A Dutch historian unearthed a unique 1,000-year-old medieval gold pot consisting of four gold ear amulets, two gold leaf bands, and 39 silver coins, the Netherlands’ National Museum of Antiquities (Rijksmuseum van Oudheden) announced on Thursday.
Lorenzo Ruiter, 27, who told Reuters he had been looking for treasure since he was 10, found the treasure using a metal detector in 2021 in the small northern town of Howwood.
“It’s so special to find something precious; I can’t describe it. I never expected to come across something like this,” said Reiter, adding that keeping it a secret for two years was difficult.
However, it took time for experts from the National Museum of Antiquities to clean, examine, and date the hoard items, and they have now found that the most recent coin can be dated to around 1250, leading them to believe the hoard may have existed at that time. That. Buried.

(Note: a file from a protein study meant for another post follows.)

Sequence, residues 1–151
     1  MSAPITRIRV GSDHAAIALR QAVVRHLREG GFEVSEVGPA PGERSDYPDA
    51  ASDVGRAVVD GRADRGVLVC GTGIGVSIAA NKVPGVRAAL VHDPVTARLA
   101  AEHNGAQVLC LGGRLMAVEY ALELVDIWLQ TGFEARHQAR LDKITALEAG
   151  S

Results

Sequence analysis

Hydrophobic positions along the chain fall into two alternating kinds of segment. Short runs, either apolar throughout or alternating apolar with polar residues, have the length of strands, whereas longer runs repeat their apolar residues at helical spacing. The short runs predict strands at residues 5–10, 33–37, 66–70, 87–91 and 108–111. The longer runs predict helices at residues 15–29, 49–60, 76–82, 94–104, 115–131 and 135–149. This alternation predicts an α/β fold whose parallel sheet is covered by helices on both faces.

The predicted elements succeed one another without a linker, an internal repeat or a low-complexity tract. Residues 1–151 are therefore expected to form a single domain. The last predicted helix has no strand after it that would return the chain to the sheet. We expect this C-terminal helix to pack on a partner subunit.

At the time, the museum said the gem was two centuries old, adding that it must have been “an expensive and prized possession” by now.
“Gold jewelry from the Middle Ages is extremely rare in the Netherlands,” according to the museum.
While it remains a mystery why the treasure was buried, the museum indicates that in the mid-13th century, war was raging between the Dutch territories of West Friesland and the Netherlands, with Hoogwood at its center.
Ruijter said it is possible that someone in power at the time buried the valuables to protect them and hopefully exhume them once they were safe.
Due to its archaeological importance, the treasure has been loaned to a museum, which will exhibit it but it will remain in the legal property of its discoverer, Lorenzo Ruiter.